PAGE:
Thursday, 11 July 2013

'Why I hope Hitler was right'

The internet is an amazing thing. It allows you to track down pretty much anyone who writes, entertains or blogs, and peruse their latest offerings, innermost thoughts and real life observations to the world at large. This was the case when I recently trawled the net in search of my old English teacher.

Clive Lawton was (and is) no ordinary teacher. For me, he came to represent the John Keating character played by Robin Williams in 'Dead Poets Society' long before the film hit the big screen. To say he was inspirational is something of an understatement. He had this wonderful gift to get his pupils to challenge and question everything, including our fairly dreary GCSE curriculum, and would turn everything on its head in order to make his point. As a result, we would be asked to mark his essays and take part in impromptu class theatre. The point of all this was to instil into his pupils a love of words and an understanding of the power of language.

Since teaching at my old school, he has unsurprisingly achieved much in his professional life. He was headmaster at King David's School, Liverpool, and then went on to jointly found Limmud, the British charity that promotes Jewish learning to anyone in the world who's interested. He is also Governor of the Metropolitan Police Authority and finds time to write and talk all over the world. The other day I inadvertently heard his dulcet tones on the BBC's World Service while in the car.

So it was with some relish that I discovered some of his talks on youtube. One such talk given to a Limmud gathering in Montreal was provocatively titled: 'Why I hope Hitler was right.' And I suspect that only someone of the Jewish faith would be able to get away with such bare-faced audacity, such chutzpah.

Though he now sports white hair, the strident voice, wit and delivery haven't changed one bit. The talk is riveting and in a relatively short space manages to convey the beliefs of the Nazis and the real feelings of Adolf Hitler as expressed in 'Mein Kampf'.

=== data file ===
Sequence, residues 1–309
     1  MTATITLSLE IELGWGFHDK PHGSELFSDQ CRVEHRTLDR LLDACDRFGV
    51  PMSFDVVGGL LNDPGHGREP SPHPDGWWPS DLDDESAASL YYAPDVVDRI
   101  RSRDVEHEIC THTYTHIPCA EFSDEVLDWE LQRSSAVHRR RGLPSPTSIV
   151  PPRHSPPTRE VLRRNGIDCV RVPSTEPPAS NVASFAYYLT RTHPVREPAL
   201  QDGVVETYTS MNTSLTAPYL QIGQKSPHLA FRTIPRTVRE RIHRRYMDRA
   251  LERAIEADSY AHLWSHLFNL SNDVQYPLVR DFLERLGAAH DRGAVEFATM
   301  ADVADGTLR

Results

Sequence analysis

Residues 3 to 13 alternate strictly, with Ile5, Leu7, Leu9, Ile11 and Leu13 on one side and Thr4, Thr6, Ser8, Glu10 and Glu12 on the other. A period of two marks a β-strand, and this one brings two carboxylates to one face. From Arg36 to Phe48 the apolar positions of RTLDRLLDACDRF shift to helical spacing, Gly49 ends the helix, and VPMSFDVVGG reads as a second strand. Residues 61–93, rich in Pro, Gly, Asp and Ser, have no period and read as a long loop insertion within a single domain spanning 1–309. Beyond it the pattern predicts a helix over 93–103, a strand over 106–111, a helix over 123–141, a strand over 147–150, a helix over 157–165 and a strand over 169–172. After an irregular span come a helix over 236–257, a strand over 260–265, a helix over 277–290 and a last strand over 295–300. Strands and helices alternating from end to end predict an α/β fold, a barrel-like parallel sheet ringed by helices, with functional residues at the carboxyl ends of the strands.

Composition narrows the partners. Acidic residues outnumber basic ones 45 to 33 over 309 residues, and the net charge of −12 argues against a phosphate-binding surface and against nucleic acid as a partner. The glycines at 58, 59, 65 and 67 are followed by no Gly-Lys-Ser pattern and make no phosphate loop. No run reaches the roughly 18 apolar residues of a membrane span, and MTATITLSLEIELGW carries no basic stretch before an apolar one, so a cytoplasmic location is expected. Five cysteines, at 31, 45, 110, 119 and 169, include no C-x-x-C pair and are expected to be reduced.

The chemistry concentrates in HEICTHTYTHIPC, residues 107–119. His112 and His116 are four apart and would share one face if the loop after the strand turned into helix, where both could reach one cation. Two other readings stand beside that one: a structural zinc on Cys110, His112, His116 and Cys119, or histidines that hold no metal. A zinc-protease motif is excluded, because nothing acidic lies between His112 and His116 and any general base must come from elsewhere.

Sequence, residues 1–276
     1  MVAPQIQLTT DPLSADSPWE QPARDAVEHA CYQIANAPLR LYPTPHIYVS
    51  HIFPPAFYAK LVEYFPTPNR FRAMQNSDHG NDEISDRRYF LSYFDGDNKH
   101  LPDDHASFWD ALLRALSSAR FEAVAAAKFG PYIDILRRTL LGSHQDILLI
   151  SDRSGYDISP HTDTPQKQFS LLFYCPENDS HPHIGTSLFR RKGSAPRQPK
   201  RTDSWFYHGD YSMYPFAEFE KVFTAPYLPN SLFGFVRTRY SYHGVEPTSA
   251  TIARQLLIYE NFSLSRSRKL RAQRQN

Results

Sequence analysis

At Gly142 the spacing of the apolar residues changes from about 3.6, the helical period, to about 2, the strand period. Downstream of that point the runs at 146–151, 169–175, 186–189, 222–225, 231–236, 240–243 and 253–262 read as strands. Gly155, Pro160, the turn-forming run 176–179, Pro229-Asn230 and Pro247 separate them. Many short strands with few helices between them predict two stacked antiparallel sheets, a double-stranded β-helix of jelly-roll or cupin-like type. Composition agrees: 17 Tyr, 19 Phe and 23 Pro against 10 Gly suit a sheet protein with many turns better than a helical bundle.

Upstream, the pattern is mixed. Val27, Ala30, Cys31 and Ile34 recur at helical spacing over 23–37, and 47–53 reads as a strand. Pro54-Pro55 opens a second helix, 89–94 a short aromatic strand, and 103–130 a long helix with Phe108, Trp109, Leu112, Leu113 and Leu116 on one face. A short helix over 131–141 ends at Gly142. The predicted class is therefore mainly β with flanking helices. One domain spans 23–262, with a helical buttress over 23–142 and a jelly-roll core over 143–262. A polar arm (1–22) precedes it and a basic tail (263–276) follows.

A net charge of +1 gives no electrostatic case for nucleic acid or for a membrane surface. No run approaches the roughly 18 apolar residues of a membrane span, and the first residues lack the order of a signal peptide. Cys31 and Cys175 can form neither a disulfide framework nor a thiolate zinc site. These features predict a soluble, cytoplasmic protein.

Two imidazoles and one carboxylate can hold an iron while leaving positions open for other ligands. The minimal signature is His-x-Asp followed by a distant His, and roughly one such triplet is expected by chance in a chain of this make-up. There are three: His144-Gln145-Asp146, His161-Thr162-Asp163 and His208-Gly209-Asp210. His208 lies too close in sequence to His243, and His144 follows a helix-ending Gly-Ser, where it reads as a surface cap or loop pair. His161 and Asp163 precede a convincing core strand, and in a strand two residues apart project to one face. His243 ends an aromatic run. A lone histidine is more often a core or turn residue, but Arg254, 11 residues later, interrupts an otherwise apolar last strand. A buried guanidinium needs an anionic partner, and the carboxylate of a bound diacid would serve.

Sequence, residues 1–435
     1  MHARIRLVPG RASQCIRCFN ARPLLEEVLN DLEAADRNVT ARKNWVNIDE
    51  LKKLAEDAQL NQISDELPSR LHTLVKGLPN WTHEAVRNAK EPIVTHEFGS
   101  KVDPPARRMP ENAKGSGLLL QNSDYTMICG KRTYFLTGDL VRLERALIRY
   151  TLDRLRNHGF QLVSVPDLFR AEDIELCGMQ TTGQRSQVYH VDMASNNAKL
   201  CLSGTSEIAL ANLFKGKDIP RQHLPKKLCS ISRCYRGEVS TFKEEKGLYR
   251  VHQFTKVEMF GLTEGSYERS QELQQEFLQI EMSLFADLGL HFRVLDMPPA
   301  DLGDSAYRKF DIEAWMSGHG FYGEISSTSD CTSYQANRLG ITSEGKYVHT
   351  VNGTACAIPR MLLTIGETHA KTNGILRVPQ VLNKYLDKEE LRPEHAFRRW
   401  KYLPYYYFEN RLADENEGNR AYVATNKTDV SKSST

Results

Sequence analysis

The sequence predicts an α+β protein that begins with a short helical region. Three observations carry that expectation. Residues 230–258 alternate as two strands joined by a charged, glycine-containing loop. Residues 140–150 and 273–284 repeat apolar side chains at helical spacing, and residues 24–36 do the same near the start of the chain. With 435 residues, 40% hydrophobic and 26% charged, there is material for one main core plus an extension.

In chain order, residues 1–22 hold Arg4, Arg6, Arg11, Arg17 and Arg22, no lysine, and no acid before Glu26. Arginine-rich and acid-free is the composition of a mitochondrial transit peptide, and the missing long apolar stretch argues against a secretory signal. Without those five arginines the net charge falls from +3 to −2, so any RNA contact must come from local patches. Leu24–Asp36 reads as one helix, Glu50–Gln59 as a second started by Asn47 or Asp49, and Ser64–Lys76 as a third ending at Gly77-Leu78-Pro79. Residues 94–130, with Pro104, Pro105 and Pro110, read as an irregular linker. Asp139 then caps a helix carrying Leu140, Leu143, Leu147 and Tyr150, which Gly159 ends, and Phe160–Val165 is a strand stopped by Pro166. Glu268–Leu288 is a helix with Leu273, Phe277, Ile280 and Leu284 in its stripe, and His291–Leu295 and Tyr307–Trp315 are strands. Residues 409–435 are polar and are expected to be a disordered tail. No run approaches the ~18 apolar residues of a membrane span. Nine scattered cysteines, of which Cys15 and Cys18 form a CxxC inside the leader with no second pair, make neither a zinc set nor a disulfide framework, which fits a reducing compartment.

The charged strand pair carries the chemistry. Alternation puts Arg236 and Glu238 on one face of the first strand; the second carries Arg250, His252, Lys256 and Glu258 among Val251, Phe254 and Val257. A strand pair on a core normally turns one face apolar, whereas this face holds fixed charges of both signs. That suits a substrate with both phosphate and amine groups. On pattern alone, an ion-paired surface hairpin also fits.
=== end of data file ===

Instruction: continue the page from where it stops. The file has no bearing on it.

"Many people," says Lawton, "believe that Nazism and Hitler thought the Jews to be the worst kind of people, but they didn't. The Nazi world view was that the world was stratified into top and bottom human beings. This mock science based on something vaguely Darwinian revolved around the survival of the fittest and the natural order of things."

He goes on to describe the concept of the Master Race and how other lower creeds within the system had their uses. Black people who sat at the bottom of the pile, for instance, were very useful. But Jews were different. They didn't fit into the system, because according to Hitler, they weren't even human. They were some kind of virus or cancer that works on the system in order to stop it working. And by disrupting the system and destabilising it, they would ultimately take it over.

At this point Lawton makes the point that ironically, anyone who's close to the Jewish community anywhere in the world will know that Jews are incapable of organising a piss-up in a brewery. He also tells a rather good Jewish Joke along the following lines: Two Jews in Nazi Germany are sitting next to each other reading. One is engrossed in the Yiddish local paper and the other is reading a Nazi propoganda magazine. "Why are you reading that rubbish?" asks the Yiddish newspaper reader. In response his neighbour shrugs: "I'm fed up reading about how miserable, pathetic and hopeless we have all become. I read this and I hear how we're running the factories, the theatres and the newspapers, and I feel a lot better."

"In the Third Reich," continues Lawton, "might is right. The top dogs can do what they like. There is no morality or ethic other than power." Then he says something I hadn't heard before, probably because I haven't read 'Mein Kampf'. He makes the interesting point that Hitler believed conscience to be a Jewish invention. And of course, there could be no room in the Third Reich for such dangerous sentimentality. Jews, gays, gypsies and those of unsound mind or mental capacity had to be disposed of as a matter of course because they didn't fit into the system. But only the Jews were deemed a threat so huge to deserve a 'final solution' of their own. So although others were killed or allowed to die in concentration camps, by and large it was only the Jews who were sent to the death camps and herded into the gas chambers.

As for conscience being a Jewish invention, Lawton looks incredulous. "Wouldn't that be something to be really proud of if that were true? Just imagine a Jewish lad in his bedroom with a poster carrying the headline: 'Conscience is a Jewish invention - Adolf Hitler'".

The silence in the room is almost palpable.

"The only reason I can only say that I hope Hitler was right, is that I'm not convinced that he was. I've seen far too many Jews say racist things about non-Jews; I've heard too much crap said about muslims; experienced too much misogyny; and too much exclusion of the gay community. So it might not be true that Hitler was right. It may be that Hitler believed in the Jews more than the Jews believe in themselves. And that would be a massive tragedy. One only we Jews can resolve ourselves."

Alex Pearl is author of Sleeping with the Blackbirds 

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